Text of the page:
A third party manages access to a web application I’m supposed to begin using. While accessible from the Internet, they whitelist IP addresses, so it rejects the login credentials if not coming from a whitelisted address.
I provided my external IP address to their support team but the application was not letting me in, so I called their help desk. A support technician said that my IP address was 10.x.x.x, a private IP address. I’m not on the same network as this application, so I did a quick check and realized they are reading my internal IP address from my X-FORWARDED-FOR (XFF) header (yes, my employer exposes this).
I explain to him that the application is incorrectly reading my external (connection) IP address and is instead reading my internal IP address from my XFF header. I also explain that it’s not a good idea to add a private IP address to their whitelist as it somewhat defeats the point as anyone can assign that IP address within their network and expose it via an XFF header.
After talking to numerous support personnel, I came to the conclusion that not a single support person on their team understands basic networking and private IP address ranges.
I finally just said, “Fine. Go ahead and add my internal IP address but keep in mind it will change a lot.”
He then proceeded to “explain” to me how my IP address is assigned by my ISP and should change very infrequently. I explained to him that the IP address their application is reading is actually assigned by DHCP inside my network, but I was clearly wasting my breath.4
I worked in the same building as another division in my organization, and they found out I had created a website for my group. They said, “We have this database that was never finished. Do you think you could fix it?”
I asked, “What was it developed in?”
He replied, “Well what do you know?”
I said, “LAMP stack: PHP, MySQL, etc.” [this was over a decade ago]
He excitedly exclaimed, “Yeah, that’s it! It’s that S-Q-L stuff.”
I’m a little nervous at this point but I was younger than 20 with no degree, entirely self-taught from a book, and figured I’d check it out - no actual job offer here yet or anything.
They logged me on to a Windows 2000 Server and I become aware it’s a web application written in VB / ASP.NET 2.0 with a SQL Server backend. But most of the fixes they wanted were aesthetic (spelling errors in aspx pages, etc.) so I proceeded to fix those. They hired me on the spot and asked when I could start. I was a wizard to them and most of what they needed was quite simple (at first). I kept my mouth shut and immediately went to a bookstore after work that day and bought an ASP.NET book.
I worked there several years and ended up rewriting that app in C# and upgrading the server and ASP.NET framework, etc. It stored passwords in plaintext when I started and much more horrific stuff. It was in much better shape when I left.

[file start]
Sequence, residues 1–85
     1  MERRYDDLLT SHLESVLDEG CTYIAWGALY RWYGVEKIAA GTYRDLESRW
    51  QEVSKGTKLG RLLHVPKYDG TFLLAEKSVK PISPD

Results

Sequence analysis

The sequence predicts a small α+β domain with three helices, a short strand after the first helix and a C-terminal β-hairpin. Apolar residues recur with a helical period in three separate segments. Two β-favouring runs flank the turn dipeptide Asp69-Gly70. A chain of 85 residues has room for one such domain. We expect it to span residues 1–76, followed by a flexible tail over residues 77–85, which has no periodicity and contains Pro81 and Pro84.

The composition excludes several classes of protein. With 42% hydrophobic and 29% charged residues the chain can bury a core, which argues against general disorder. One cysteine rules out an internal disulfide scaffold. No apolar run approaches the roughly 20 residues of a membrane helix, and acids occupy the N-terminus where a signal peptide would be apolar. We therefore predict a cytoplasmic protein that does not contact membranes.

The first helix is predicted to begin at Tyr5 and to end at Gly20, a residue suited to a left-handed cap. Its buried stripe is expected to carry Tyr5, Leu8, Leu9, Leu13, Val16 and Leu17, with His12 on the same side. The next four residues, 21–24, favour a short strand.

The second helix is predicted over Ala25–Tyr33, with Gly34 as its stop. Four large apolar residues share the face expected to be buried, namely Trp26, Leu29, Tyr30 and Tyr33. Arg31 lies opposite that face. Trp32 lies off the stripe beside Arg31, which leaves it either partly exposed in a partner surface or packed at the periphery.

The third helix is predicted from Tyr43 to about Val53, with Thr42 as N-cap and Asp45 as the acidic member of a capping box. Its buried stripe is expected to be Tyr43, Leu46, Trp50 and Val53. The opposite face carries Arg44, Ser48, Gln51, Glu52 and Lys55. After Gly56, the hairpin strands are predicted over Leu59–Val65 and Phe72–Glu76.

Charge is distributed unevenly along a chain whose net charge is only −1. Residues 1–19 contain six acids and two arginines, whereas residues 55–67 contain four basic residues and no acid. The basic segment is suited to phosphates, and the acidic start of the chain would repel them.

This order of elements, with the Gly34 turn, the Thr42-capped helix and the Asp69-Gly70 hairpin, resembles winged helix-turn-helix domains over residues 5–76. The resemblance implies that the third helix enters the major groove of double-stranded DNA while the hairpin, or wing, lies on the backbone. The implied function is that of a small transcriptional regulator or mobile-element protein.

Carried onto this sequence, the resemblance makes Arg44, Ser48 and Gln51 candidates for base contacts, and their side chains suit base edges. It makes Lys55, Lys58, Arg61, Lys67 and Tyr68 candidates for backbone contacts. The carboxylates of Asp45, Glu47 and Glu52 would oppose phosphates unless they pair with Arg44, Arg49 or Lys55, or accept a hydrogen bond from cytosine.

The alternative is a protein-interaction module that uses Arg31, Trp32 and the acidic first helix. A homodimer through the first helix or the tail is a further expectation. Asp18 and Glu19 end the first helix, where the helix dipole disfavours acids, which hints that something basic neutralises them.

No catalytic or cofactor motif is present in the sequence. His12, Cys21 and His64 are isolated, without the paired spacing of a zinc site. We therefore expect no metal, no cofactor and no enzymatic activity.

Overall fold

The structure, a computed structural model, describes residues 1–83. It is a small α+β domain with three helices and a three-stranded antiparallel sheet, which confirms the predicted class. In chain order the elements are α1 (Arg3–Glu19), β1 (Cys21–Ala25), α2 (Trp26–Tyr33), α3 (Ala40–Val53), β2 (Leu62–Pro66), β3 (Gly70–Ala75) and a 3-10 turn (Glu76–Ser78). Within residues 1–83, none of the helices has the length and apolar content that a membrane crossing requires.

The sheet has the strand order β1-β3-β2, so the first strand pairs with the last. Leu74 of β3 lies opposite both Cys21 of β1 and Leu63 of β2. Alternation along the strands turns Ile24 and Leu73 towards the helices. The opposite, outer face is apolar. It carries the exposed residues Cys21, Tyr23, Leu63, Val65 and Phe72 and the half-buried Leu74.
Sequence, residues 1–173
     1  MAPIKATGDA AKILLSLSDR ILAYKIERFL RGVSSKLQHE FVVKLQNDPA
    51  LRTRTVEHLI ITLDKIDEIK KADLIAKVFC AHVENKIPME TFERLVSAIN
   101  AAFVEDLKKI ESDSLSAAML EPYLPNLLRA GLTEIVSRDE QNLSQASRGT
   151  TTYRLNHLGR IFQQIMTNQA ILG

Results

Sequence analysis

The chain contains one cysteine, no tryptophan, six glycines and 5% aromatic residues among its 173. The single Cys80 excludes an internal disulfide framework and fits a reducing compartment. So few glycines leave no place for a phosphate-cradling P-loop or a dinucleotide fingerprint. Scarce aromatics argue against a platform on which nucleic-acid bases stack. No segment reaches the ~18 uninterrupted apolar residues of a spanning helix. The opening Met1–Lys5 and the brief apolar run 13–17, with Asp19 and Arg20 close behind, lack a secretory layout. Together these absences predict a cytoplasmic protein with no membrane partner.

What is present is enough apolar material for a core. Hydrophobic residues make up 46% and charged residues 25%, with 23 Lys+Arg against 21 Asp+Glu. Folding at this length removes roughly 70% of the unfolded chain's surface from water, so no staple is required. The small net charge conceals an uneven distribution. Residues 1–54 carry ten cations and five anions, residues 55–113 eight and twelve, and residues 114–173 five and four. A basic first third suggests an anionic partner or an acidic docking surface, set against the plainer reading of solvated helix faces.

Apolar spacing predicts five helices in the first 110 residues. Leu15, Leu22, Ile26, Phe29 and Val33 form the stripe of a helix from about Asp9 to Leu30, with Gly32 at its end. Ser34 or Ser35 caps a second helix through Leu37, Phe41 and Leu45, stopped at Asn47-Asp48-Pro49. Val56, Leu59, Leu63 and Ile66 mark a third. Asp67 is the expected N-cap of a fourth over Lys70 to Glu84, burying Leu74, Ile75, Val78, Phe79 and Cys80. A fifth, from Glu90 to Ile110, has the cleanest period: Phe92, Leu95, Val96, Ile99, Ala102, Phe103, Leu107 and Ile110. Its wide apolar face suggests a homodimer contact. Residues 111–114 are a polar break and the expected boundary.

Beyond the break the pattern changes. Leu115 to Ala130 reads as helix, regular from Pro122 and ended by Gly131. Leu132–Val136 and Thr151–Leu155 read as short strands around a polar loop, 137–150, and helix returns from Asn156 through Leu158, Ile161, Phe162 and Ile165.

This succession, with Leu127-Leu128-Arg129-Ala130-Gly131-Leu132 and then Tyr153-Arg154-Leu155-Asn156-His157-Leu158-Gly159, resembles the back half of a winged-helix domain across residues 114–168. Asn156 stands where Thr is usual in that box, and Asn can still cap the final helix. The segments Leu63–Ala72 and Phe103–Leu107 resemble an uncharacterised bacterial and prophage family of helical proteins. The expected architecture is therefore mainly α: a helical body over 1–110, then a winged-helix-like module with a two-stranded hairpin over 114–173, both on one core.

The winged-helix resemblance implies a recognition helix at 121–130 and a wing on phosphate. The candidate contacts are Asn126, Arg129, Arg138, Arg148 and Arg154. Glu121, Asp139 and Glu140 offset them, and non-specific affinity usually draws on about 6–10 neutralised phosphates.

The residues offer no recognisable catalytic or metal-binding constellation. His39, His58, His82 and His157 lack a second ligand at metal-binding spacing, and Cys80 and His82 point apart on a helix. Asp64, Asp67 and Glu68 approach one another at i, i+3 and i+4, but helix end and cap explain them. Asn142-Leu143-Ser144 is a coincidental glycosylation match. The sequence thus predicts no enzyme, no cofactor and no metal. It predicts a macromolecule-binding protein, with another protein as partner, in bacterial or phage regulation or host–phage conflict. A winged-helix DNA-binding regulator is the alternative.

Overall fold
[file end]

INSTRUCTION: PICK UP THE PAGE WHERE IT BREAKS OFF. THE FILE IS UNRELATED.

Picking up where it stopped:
That job was pivotal in my career and set the stage for me to be where I am today. I got the job because I used the word “SQL” in a sentence.3
“Everyone is busy building stuff for right now, today, rarely for tomorrow. But it would be nice to also have stuff that lasts a little longer than that.... You don’t have to be a genius to write fast programs. There’s no magic trick. The only thing required is not building on top of a huge pile of crap that modern toolchain is.”
—Nikita Prokopov, “Software disenchantment”, retrieved from http://tonsky.me/blog/...5
Just remember, if someone ever makes a colony on Mars, you may have to support their timezone in your applications. And their day is longer, so a simple offset from UTC won’t do....14
“The problem with object-oriented languages is they’ve got all this implicit environment that they carry around with them. You wanted a banana but what you got was a gorilla holding the banana and the entire jungle.”
—Chris Scalfani, from https://medium.com/@cscalfani/...5
“Begin your onboarding and assimilation program.” Are new employees joining a company or the Borg? I guess it’s ok so long as the next line doesn’t say “Resistance is futile.”
D: “Did the attackers exfiltrate any data?”
M: “I can’t say for sure, but most likely based on—”
D: “—but did you find any undeniable evidence of it?”
M: “Keep in mind that the absence of evidence isn’t necessarily evidence of absence. There was very limited logging to begin with and the attacker erased artifacts and logs.”
D: “If there’s no evidence, then there was no exfiltration.”
M: “If a business doesn’t have cameras on its front door and then gets robbed, it can’t claim there was no robbery just because they didn’t video-record it.”
D: “That’s a poor analogy. Nothing’s missing here. I couldn’t care less if a robber made a *copy* of my money. That isn’t robbery.”
M: “... If the Titanic really hit an iceberg, then how come no pieces of an iceberg were ever found in the wreckage?”19
C: “Look, I agree that these are likely leading practices, but we really don’t need all that.”
M: “These aren’t even leading practices, these are the bare minimum practices to help ensure secure login sessions and that account passwords aren’t trivially compromised.”
C: “How do I put this...? You’re trying to secure us against the hacker. That’s a noble goal. But my only concern is the auditor.”
When /W4 in Visual Studio (cl) shows more (and more helpful) information than /Wall /Wextra /pedantic in gcc (MinGW)....
I was not expecting that....9